Of course, the easiest time to add to our blog is when life is slow and mellow, and there’s some spare time. But then there’s not so much to say! It’s when life is exciting, challenging, and full that I can think of all kinds of things to write about, but can’t find a minute to sit down to do it. And that’s what winter has been like for us ever since Christmas day. We had a great Christmas here at the ranch and were able to “ferry up” kids and grandparents via four wheel drive to spend a beautiful and peaceful Christmas day. But we had no sooner gotten everyone back to their cars (which had been left seven miles away down by the highway) on Christmas evening when it began to snow. And did it snow! We had 7 inches of the fluffy white stuff. And then – it began to blow. And that spells trouble big time for our 7 miles of back roads leading to the ranch.
Now there are a few things to understand here. It’s not unusual for people in the northern states of the US to get snow. In fact, many of you get much more snow than we do – like in Maine or upstate NY or Minnesota. The difference is, those folks have services that plow the roads on a regular basis. When you live clear out here, in a poor county in Montana – well, they clear the road when they can and if they can (are drifts are big). And they give priority to roads with more people along them, as they should. So, it’s not the amount of snow you get that’s the problem – it’s the drifting snow and whether or not you have someone clearing the road for you.
Another thing you learn living in remote areas like this, is that you don’t “schedule” things. You work around the weather and the roads. You don’t say, “I want to go to town today.” You say, “The road is open, I think I’ll go to town today.” or “ The road has drifted shut, I think I’ll work up in the office today.” Life is much easier that way, and it keeps the stress level down. But we do live in the modern world – at least some of the time – and that world just doesn’t have that laid back attitude. “Modern Life” centers around schedules and plans and set times. And when those plans collide with the weather in remote country – well, it makes life very interesting indeed.
Jeff Diamond, a producer from ABC’s 20/20, had scheduled to come up here to film the herd and talk to us about our views on whether farming wildlife domestically could save them in the wild (see my earlier blog entry – that’s what initiated that entry). They had it all planned for a specific day – of course – since the camera crew had to come in from Minnesota and Jeff from New York City. It all seemed reasonable at the time. Until it started to snow. And then to blow. The day they were scheduled to arrive. A flurry of phone calls between Jeff and I established that they did want to come, weren’t afraid of snow, and didn’t mind what their mode of transportation was. And I must say, they were as good as their word.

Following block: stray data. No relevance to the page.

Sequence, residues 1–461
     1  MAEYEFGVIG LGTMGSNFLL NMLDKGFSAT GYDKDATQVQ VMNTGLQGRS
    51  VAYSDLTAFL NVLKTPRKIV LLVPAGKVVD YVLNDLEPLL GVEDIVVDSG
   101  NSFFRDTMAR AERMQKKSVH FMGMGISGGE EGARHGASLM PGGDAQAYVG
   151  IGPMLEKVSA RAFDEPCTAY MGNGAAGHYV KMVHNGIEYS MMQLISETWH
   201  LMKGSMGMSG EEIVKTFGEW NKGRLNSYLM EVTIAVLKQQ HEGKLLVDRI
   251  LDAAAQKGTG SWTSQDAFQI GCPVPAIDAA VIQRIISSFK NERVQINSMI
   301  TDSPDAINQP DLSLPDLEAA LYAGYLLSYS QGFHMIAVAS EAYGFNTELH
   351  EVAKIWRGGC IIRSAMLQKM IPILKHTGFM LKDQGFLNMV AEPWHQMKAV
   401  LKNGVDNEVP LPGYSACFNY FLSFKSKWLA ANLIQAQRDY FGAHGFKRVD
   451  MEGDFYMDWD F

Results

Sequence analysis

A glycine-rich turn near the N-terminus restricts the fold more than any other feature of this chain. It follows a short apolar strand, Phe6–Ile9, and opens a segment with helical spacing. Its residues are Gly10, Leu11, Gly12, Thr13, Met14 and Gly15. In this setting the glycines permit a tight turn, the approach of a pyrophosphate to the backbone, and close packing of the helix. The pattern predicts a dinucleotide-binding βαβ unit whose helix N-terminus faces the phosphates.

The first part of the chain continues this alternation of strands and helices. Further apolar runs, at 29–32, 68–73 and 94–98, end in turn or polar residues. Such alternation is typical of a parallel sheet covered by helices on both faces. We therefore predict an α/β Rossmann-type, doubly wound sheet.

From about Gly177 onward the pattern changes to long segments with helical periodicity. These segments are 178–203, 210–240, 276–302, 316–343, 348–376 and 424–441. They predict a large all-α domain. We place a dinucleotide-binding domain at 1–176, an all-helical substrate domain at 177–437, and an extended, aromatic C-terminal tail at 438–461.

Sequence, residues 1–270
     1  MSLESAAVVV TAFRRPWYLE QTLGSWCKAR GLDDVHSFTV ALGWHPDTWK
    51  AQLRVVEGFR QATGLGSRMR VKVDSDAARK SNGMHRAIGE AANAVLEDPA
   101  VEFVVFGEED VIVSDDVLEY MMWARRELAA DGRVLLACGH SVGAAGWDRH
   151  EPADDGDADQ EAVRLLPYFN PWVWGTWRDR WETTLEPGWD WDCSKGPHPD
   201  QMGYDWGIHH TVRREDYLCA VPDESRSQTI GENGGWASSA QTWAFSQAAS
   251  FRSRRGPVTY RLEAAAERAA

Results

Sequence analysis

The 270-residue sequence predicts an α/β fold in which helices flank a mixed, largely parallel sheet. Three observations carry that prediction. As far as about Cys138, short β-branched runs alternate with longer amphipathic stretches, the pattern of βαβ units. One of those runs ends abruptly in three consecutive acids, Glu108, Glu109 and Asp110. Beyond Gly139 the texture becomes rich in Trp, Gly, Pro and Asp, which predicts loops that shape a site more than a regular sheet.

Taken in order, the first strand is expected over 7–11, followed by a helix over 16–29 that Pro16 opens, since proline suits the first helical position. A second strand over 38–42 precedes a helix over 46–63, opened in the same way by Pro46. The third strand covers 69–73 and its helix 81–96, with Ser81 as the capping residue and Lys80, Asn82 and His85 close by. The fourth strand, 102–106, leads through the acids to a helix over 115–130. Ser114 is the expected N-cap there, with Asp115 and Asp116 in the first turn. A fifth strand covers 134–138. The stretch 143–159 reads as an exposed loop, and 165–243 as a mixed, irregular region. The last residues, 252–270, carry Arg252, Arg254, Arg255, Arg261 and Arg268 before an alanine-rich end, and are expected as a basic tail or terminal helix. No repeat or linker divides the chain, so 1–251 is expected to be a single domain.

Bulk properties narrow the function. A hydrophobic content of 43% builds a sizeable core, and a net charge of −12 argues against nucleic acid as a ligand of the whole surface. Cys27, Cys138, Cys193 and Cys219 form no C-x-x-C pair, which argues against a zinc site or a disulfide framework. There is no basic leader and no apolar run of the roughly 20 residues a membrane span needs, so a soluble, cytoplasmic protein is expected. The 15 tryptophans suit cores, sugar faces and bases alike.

That morning we met the crew at the highway where we had parked a truck prior to the snow and wind. We managed to drive 5 miles before encountering an impassable drift. We then switched to snowmobiles (and neighbors with snowmobiles – we have awesome neighbors), to ferry the crew and equipment for 1 mile over a series of large drifts to another truck to complete the journey. Jeff’s comment was, “You really ARE out in the wilds”. It was actually a lot of fun, and I don’t think that any of the crew will forget their arrival at Wild Echo Bison Ranch. Leave it to us to stand out in the crowd. It snowed hard all day (just ironic that it was clear with a bright blue sky both before and after their visit). What is it with film crews that they have to come in the snowstorms!? The crew from the Sundance channel “Big Ideas from a Small Planet” did the same thing!
At any rate, we thoroughly enjoyed our time with Jeff and his “crew”. Mark, the cameraman (and wildlife cinema photographer) and his “soundlady” Heidi, were really great and, being from Minnesota, the snow didn’t even slow them down. Everyone was dressed to the “nines” (in this case, that means lots of layers of wool and down and pacs for footwear) and we all managed to stay warm even though the snow fell all day. They filmed the herd all morning, and the buffs – well, suffice it to say that they are always happy to see us with guests Not because they have latent dreams of being film stars, but because we break out the bags of sweet grain and they just LOVE that! And as for the filming itself – well, buffs always look good in white.
After a lunch of buffalo stew, they spent the afternoon setting up and filming the “interviews” with Craig and me. Definitely my least favorite part of the day. I am quickly coming to the conclusion that I really am not fond of formal interviews. It’s too hard to relax and “just chat” when a camera is turned on one. Not to mention that one has
no idea how it looks – or exactly how it will be used. But we got through it and, if nothing else, were able to give our view as wildlife biologists on why farming endangered species is a bad idea. While I would much prefer giving my views via the written word, there’s no question that info via television reaches a wider – and different – audience. It will be interesting to see what the storyline looks like when it all airs.